Detection and equipment

Smoke alarms are essential for every home to detect the start of a fire in your home. You may also feel that you need additional fire safety equipment, like fire blankets, fire extinguishers or sprinklers, which can be helpful in an emergency. However it's vital to know how and when to use it and remember you should only tackle a fire in its early stage before it starts to spread.

Find out more on fire detection and equipment below and watch the detection video to help you find the best place to position a smoke alarm in your home.

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Smoke Alarms

Fires happen when you least expect them, often during the night. They also spread very quickly, damaging property, killing and injuring people. A smoke alarm is a warning device that detects smoke at the earliest stages of a fire. When it detects a fire, it will make a piercing noise to alert or wake you.

Find out more about the different types of Smoke alarms and how to install and maintain them

Carbon Monoxide Alarms

Carbon Monoxide (CO) is something you can't see, smell or taste, so it's important to protect your family from this silent danger with a carbon monoxide alarm.

Find out more about what causes Carbon Monoxide and how to prevent it

Fire blankets

Fire blankets are good to use on fat pan fires on the cooker or for wrapping round someone whose clothing is on fire. They're ideal to keep in the kitchen, but they aren't good for general use. If you get one, make sure it conforms to British Standard BS 6575.
 

Fire sprinklers

Sprinklers provide a high level of protection from the risk of dying in a fire and are particularly suitable for older people and people who have difficulty moving around or have some other impairment.

Some of the things to consider with sprinkler systems include the following:

  • Sprinklers are fitted in as many rooms as you want them to be. Their pipes are small and run off mains water.
  • They are individually heat-activated, so the whole system doesn't go off at once.
  • They rarely get set off accidentally as they need high temperatures to trigger them.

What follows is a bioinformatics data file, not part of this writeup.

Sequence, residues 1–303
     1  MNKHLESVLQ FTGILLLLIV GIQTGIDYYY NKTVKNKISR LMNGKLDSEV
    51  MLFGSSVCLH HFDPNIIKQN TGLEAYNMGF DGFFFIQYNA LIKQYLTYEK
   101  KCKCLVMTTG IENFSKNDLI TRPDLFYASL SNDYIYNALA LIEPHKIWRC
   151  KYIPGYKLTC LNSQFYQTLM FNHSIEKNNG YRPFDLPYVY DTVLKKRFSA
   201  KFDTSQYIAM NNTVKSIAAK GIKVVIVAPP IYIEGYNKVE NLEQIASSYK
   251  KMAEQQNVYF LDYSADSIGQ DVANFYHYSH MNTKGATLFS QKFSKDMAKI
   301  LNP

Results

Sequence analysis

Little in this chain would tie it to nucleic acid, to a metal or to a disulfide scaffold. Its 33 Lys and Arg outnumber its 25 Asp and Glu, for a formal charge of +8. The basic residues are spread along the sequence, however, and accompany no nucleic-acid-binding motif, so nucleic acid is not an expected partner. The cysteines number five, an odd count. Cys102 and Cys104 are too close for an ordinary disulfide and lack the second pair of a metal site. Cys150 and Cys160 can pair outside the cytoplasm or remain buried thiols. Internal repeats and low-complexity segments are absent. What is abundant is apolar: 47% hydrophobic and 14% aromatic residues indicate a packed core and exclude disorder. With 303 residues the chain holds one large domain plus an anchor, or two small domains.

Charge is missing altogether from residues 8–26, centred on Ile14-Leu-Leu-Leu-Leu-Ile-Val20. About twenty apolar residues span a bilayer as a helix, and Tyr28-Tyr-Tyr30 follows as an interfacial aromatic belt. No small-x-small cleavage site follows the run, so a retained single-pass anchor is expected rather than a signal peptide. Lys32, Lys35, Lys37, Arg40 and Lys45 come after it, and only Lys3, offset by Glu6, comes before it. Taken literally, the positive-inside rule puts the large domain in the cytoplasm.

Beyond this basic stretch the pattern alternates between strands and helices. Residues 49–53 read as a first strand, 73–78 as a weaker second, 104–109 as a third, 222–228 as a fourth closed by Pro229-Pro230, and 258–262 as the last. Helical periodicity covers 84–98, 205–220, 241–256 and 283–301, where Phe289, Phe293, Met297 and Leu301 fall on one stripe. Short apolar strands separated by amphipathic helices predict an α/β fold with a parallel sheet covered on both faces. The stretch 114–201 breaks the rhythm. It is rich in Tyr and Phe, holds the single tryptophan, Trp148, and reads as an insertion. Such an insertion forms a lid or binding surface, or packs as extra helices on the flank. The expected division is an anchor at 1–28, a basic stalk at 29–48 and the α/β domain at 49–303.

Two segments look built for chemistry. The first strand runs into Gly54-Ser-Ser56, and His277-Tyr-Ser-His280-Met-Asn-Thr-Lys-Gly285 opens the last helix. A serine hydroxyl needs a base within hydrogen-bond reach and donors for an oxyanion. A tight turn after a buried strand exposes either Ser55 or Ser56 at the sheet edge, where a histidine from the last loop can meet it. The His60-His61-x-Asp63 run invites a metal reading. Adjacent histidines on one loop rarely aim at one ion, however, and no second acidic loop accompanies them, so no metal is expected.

• They operate automatically, whether you're at home or not.
  •  If you have a sprinkler system it must be in conjunction with a smoke alarm. The smoke alarm will alert you to slow-burning, smoke-generating fires which may not generate enough heat to trigger the sprinkler.
  • Sprinklers sound the alarm when they go off - so they alert you and also tackle the fire.

For more information, view our page on Residential Fire Sprinklers.

Fire extinguishers

There are three main types of fire extinguisher - powder, water and foam.

Powder and foam each come in two types. Only one type of powder and one type of foam is suitable for having at home. No single type of extinguisher is totally effective on every kind of fire so before buying one, it's vital to look carefully at what kinds of fires it can be used on.

In addition, consider the following points if you're thinking about purchasing a fire extinguisher:

  • Don't attempt to use an extinguisher on a fire unless you feel it is safe for you to do so.
  • Position it where you can get to it quickly, like the hall.
  • Buy one you can carry easily.
  • Don't put it over a heater or fire, but do fix it to the wall, so it's out of reach of children but easily accessed.
  • Read the instructions and be familiar with how to use it.
  • Don't leave it until you have a fire.
  • Get it serviced once a year or as the manufacturer recommends.
  • If you're using it on a fire, keep yourself on the escape route side of the fire.

Register your electrical appliances

Unless products are registered, it is very difficult to track the owners down if there is ever a recall on it.  Did you know that there is a website where you can register your electrial appliances so if there is a problem with your appliance, the manufacturer can contact you in the event of a recall. Your details will not be used for marketing.

Find out more and register your appliances